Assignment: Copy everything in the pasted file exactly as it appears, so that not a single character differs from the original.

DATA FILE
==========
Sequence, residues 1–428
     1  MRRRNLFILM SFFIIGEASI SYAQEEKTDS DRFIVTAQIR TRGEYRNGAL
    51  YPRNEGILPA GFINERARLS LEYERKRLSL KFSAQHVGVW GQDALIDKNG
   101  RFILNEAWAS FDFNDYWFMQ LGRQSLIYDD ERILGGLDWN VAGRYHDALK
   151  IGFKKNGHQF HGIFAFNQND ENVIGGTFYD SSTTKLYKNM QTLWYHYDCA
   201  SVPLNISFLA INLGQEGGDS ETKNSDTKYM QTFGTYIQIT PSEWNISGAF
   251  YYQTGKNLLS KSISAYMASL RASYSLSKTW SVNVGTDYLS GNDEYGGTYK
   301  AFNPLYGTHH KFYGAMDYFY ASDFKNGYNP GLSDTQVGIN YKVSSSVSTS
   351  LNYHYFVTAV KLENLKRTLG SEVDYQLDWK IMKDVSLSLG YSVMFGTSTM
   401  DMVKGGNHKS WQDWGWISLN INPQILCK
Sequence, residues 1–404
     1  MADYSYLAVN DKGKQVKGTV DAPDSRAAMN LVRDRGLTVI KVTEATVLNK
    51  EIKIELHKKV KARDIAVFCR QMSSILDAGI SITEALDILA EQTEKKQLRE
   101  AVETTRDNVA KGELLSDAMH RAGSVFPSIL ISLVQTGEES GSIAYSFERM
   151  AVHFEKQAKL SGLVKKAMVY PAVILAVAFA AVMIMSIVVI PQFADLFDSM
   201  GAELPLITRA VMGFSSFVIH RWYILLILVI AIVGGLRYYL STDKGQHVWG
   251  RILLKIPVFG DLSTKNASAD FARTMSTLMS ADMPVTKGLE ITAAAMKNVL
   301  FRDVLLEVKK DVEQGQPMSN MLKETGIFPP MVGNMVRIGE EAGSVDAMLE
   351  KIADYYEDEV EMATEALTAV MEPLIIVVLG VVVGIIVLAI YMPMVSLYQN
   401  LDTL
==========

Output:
Sequence, residues 1–428
     1  MRRRNLFILM SFFIIGEASI SYAQEEKTDS DRFIVTAQIR TRGEYRNGAL
    51  YPRNEGILPA GFINERARLS LEYERKRLSL KFSAQHVGVW GQDALIDKNG
   101  RFILNEAWAS FDFNDYWFMQ LGRQSLIYDD ERILGGLDWN VAGRYHDALK
   151  IGFKKNGHQF HGIFAFNQND ENVIGGTFYD SSTTKLYKNM QTLWYHYDCA
   201  SVPLNISFLA INLGQEGGDS ETKNSDTKYM QTFGTYIQIT PSEWNISGAF
   251  YYQTGKNLLS KSISAYMASL RASYSLSKTW SVNVGTDYLS GNDEYGGTYK
   301  AFNPLYGTHH KFYGAMDYFY ASDFKNGYNP GLSDTQVGIN YKVSSSVSTS
   351  LNYHYFVTAV KLENLKRTLG SEVDYQLDWK IMKDVSLSLG YSVMFGTSTM
   401  DMVKGGNHKS WQDWGWISLN INPQILCK
Sequence, residues 1–404
     1  MADYSYLAVN DKGKQVKGTV DAPDSRAAMN LVRDRGLTVI KVTEATVLNK
    51  EIKIELHKKV KARDIAVFCR QMSSILDAGI SITEALDILA EQTEKKQLRE
   101  AVETTRDNVA KGELLSDAMH RAGSVFPSIL ISLVQTGEES GSIAYSFERM
   151  AVHFEKQAKL SGLVKKAMVY PAVILAVAFA AVMIMSIVVI PQFADLFDSM
   201  GAELPLITRA VMGFSSFVIH RWYILLILVI AIVGGLRYYL STDKGQHVWG
   251  RILLKIPVFG DLSTKNASAD FARTMSTLMS ADMPVTKGLE ITAAAMKNVL
   301  FRDVLLEVKK DVEQGQPMSN MLKETGIFPP MVGNMVRIGE EAGSVDAMLE
   351  KIADYYEDEV EMATEALTAV MEPLIIVVLG VVVGIIVLAI YMPMVSLYQN
   401  LDTL